Author/s:

Hossain, H.

Publisher:

ResearchGate

Year of Publication:

2019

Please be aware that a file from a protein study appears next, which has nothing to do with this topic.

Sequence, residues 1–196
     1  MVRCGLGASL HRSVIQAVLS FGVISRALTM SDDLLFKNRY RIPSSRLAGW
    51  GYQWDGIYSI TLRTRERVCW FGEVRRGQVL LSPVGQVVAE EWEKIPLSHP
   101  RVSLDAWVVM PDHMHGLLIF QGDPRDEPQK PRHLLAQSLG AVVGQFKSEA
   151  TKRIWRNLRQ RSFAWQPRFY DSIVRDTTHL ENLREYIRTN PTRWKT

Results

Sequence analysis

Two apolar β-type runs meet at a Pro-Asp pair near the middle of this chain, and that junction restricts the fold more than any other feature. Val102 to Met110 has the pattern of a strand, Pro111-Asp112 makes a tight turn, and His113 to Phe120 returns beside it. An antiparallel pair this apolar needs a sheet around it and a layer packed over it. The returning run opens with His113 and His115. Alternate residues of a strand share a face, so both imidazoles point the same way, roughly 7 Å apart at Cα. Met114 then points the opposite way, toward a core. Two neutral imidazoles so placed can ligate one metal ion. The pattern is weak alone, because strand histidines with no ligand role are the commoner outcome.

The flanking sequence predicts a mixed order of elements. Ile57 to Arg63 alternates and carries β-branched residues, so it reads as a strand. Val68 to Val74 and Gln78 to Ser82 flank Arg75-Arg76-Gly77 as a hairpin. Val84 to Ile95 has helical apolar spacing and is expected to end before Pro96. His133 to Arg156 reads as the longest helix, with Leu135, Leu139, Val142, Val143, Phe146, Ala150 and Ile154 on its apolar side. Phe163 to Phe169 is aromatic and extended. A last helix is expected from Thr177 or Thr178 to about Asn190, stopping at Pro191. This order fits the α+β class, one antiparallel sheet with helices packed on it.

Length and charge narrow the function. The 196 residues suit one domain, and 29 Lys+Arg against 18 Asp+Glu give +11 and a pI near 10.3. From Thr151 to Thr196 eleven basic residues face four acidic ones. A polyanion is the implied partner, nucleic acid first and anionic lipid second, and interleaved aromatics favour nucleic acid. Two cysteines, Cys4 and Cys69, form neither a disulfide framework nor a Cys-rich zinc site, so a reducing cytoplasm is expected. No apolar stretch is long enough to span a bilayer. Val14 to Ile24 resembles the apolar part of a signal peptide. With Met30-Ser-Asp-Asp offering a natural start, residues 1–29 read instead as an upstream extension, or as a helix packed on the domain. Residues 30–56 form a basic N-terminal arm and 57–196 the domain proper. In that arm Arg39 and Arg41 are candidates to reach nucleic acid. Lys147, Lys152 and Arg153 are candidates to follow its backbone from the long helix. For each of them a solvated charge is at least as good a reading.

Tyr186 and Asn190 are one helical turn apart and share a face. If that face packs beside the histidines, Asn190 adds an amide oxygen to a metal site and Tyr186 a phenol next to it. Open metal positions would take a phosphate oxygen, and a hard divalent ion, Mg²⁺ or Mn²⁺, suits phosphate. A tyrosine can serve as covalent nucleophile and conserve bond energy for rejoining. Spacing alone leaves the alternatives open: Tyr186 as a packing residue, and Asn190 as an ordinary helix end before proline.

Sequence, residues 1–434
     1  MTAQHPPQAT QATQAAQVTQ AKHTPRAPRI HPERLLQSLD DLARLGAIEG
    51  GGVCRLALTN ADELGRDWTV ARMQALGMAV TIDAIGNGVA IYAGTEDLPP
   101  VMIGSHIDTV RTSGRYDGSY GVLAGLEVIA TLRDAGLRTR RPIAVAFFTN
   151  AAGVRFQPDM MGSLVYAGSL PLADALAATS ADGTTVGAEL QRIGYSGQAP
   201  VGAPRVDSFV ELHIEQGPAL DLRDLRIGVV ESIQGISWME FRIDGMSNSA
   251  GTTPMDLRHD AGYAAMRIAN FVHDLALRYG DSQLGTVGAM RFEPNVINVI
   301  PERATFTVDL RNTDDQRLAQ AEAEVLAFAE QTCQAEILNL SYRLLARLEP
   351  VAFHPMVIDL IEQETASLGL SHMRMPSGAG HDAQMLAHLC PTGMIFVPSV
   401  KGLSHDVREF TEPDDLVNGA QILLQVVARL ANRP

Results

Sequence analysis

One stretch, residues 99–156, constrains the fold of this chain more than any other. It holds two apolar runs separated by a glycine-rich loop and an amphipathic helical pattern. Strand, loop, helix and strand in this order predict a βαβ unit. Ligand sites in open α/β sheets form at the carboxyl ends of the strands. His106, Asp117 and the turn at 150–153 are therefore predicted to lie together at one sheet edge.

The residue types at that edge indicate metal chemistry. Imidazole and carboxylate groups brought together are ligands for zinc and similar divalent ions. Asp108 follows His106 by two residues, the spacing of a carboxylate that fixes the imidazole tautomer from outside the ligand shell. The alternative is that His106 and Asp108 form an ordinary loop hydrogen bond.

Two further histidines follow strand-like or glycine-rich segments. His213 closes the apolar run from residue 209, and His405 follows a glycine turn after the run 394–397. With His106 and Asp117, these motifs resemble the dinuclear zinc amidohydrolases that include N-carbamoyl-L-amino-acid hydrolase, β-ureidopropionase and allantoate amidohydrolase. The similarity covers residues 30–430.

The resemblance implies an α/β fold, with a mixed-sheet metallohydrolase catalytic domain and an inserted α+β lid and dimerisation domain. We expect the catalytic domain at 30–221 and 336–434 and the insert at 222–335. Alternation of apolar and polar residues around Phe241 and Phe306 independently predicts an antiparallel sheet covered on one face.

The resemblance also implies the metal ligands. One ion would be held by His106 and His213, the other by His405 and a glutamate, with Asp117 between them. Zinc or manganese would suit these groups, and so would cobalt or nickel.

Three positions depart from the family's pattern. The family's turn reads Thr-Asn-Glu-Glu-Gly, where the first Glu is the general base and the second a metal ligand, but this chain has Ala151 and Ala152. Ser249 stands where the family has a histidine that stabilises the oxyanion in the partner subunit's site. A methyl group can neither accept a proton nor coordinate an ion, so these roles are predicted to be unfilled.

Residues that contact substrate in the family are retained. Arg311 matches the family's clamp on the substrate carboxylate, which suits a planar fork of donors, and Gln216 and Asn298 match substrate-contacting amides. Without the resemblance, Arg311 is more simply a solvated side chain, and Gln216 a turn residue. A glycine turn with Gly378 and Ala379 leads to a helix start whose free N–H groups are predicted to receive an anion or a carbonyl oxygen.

Recent studies have revealed that inland waters, such as rivers, act as an excellent source of soil-derived CO2 for the atmosphere. This flow is comparable in magnitude to that of anthropogenic CO2 release, such as fossil fuel use, playing an important part in the global carbon cycle and future climate change. Although one of the most active CO2 evasions in the world has been reported in Himalayan rivers, data on the partial pressure of CO2 (pCO2) remains sparse. In this study, we conducted a monthly sampling survey of the Ganges River in Bangladesh during 2011–2014 and measured the chemical composition of the river water. Both chemical weathering and dissolution of soil salt may affect seasonal variations in major ion composition in this river. The pCO2 values were 377–1,763 μatm, which were higher than the atmospheric level (400 μatm). Higher pCO2 values were observed during the rainy season, which was likely attributed to active respiration by soil or river biota. We also calculated approximate CO2 evasion rates from the river into the atmosphere. Our results suggest that water during the rainy season, which has high pCO2, temperature, and water current velocity, releases CO2 into the atmosphere more efficiently (150 mol m⁻² yr⁻¹) than that during the dry season (20 mol m⁻² yr⁻¹). In addition, we collected groundwater samples in Bangladesh and observed surprisingly high pCO2 values (4,926–101,610 μatm). Groundwater in this area is likely to transport abundant dissolved inorganic carbon (both HCO3⁻ and CO2) to the ocean.

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